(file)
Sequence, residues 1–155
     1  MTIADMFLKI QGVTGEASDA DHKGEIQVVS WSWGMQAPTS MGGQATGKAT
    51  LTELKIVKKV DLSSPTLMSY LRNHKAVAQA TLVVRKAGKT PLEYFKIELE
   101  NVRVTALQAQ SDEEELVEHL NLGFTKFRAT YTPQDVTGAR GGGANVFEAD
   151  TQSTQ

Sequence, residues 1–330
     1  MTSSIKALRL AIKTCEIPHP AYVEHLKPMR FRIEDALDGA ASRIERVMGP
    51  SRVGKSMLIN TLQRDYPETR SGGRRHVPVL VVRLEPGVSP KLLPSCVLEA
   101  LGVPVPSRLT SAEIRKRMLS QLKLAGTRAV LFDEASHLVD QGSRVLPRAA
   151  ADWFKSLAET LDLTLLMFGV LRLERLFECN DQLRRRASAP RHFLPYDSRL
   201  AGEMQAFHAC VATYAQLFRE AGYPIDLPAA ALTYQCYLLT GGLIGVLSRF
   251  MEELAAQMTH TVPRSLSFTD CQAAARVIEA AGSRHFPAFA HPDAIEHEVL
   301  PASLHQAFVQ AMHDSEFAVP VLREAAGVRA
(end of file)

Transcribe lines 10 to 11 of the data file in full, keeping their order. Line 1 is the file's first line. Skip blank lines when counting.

   151  ADWFKSLAET LDLTLLMFGV LRLERLFECN DQLRRRASAP RHFLPYDSRL
   201  AGEMQAFHAC VATYAQLFRE AGYPIDLPAA ALTYQCYLLT GGLIGVLSRF